Third pilot in the family

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23 Oct 2021 | PEOPLE

Third pilot in the family

// Story by Gabriel Lee

// Photos Courtesy of Ethan Lui & SYFC

Ethan Lui is one of 14 PPL graduates at the SYFC's Aviation Awards Ceremony this year.

Joining the Singapore Youth Flying Club and getting a Private Pilot License (PPL) was a natural thing to do for Ethan Lui. After all, the 19-year-old comes from a family of pilots.

"Our interest in flying began from a young age – my brother and I were subconsciously influenced by my father's career choice in aviation."

Ethan's father, LTC (Ret) Geoffrey Lui, with a KC-135 in the background, during his days in 112 SQN.

The first person who shaped his decision was his father, Lieutenant Colonel (LTC) (Ret) Geoffrey Lui, a former pilot with the Republic of Singapore Air Force (RSAF). His father used to fly the KC-135 Stratotankers, and also served as 112 Squadron's first Commanding Officer.

"My dad, knowing that my brothers and I had an interest in flying, encouraged us to enroll for flight training. He felt that SYFC would be a good training ground as many of their instructors are ex-RSAF pilots."

Ethan (second from right) together with (from left) elder brother 2SG (NS) Lui, father LTC (Ret) Lui, mother Tonya and younger brother Lucas during this year's Chinese New Year.

His elder brother, 2nd Sergeant (NS) Russell Lui, who obtained his PPL in 2016, encouraged him to join too. His brother is now an undergraduate at the National University of Singapore.

Overcoming challenges

Before Ethan could obtain the coveted PPL license, he was required to undergo flying lessons and pass seven theory-based ground examinations administered by the Civil Aviation Authority of Singapore (CAAS), as well as the practical-based Final Handling Test by the CAAS.

Besides having to juggle his studies with flying lessons, the Anglo-Chinese Junior College student had to deal with challenges because of the ongoing COVID-19 pandemic, such as disruptions during the initial phase of his training.

"During the Circuit Breaker last year, training was cancelled and we lost touch with flying. We could only practise mental flying at home, where we went through the sorties in our heads."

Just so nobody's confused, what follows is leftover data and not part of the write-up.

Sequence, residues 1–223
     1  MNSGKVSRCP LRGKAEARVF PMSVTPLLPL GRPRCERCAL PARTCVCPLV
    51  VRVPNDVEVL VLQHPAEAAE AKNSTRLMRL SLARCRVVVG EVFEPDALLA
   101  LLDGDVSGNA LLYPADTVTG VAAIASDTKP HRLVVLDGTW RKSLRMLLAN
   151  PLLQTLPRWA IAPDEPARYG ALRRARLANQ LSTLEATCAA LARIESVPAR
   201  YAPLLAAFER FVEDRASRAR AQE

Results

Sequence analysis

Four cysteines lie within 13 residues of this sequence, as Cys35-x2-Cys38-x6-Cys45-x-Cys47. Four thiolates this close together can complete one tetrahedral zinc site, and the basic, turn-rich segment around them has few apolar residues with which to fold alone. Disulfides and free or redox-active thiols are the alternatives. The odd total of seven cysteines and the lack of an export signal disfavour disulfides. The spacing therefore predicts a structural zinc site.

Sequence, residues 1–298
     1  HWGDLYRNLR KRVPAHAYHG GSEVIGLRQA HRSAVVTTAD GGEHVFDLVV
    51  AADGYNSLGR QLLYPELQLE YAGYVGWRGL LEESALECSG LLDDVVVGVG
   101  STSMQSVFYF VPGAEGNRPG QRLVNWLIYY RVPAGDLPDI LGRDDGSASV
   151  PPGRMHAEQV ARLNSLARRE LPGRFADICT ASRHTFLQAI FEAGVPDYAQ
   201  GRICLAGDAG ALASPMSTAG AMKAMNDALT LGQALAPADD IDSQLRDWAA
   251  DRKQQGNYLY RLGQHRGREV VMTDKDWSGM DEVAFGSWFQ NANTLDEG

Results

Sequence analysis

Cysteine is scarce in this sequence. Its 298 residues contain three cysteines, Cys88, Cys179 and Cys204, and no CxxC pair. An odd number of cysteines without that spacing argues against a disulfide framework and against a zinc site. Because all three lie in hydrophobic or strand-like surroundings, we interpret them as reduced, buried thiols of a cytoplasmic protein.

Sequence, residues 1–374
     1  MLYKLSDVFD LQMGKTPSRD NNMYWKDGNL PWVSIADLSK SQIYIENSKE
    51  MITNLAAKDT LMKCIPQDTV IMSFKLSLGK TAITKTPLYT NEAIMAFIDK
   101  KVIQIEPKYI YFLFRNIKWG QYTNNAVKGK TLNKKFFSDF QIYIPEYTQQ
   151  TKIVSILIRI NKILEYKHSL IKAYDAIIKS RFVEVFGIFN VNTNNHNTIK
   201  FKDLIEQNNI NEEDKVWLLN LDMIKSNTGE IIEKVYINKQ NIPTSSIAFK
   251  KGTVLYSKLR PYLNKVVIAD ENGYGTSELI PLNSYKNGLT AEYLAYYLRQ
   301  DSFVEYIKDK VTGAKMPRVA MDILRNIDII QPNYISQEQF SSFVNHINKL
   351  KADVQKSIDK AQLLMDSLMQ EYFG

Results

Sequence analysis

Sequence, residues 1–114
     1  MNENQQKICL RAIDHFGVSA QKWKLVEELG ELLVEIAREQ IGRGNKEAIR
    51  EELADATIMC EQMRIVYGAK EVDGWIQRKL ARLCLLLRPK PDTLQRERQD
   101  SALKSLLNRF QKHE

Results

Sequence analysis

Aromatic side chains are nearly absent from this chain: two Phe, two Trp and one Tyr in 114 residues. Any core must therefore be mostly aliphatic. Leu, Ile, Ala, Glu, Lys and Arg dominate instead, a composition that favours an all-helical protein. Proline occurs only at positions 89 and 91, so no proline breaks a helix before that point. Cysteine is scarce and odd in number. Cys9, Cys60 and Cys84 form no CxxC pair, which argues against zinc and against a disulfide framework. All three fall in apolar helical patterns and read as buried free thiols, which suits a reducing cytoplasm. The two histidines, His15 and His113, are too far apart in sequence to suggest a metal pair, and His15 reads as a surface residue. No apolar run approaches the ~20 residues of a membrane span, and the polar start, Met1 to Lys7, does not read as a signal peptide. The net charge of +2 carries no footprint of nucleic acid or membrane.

As a result, he took a year and a half to finish the PPL course, which usually takes a year to complete.

Ethan (second from right) with three of his PPL coursemates at the Singapore Airshow 2020.

When training resumed after the Circuit Breaker period, Ethan managed to polish his flying skills with his coursemates' help. "We made mistakes, learnt from them and improved together," he said.

Ethan receiving the SYFC Pilot Wings from the Guest of Honour, Ms Gan Siow Huang, Minister of State for Education and Manpower, at the SYFC's Aviation Awards Ceremony on 23 October.

The fourth pilot

He has taken away many life lessons from the PPL course. "My biggest takeaway was how to handle situations under pressure. I also realised that as long as I persevere and remain determined, I could accomplish what I set out to do."

Going ahead, Ethan plans to follow in his father's footsteps and sign on with the RSAF as a pilot. He said: "I would like to play my part in contributing to the defence of my country while pursuing my childhood dreams as a pilot."

He also wishes to give his 17-year-old younger brother, Lucas Lui, who is currently going through SYFC's Basic Flying Course, with the same support that he received during training.

For example, his elder brother would spend hours running through the techniques with Ethan to ensure that he could execute them smoothly, while sharing training tips that he found useful.

"I also want to do my part to encourage my younger brother through his Basic Flying Course, hopefully see him make it to the PPL course and become a licensed pilot like myself," he said.

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